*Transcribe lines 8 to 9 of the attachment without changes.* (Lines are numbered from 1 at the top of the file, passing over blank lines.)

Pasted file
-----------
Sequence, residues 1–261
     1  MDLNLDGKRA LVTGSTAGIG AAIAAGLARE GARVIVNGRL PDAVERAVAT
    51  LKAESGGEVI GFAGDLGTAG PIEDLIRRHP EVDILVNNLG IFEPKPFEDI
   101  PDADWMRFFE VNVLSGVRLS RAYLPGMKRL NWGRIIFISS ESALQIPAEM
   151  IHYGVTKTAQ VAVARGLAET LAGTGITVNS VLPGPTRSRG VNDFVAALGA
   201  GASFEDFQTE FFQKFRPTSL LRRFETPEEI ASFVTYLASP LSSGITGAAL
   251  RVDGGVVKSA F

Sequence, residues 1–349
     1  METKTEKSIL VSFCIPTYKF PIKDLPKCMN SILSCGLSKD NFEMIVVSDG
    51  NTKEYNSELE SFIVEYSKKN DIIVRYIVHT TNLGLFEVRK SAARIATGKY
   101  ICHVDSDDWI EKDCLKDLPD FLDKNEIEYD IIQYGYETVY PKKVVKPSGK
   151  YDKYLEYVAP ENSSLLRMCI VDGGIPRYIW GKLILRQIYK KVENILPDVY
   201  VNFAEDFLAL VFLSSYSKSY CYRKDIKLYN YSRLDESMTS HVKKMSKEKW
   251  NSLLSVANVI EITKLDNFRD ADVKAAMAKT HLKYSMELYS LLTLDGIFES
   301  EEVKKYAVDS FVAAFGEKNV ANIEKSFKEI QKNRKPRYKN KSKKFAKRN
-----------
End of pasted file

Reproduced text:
Sequence, residues 1–349
     1  METKTEKSIL VSFCIPTYKF PIKDLPKCMN SILSCGLSKD NFEMIVVSDG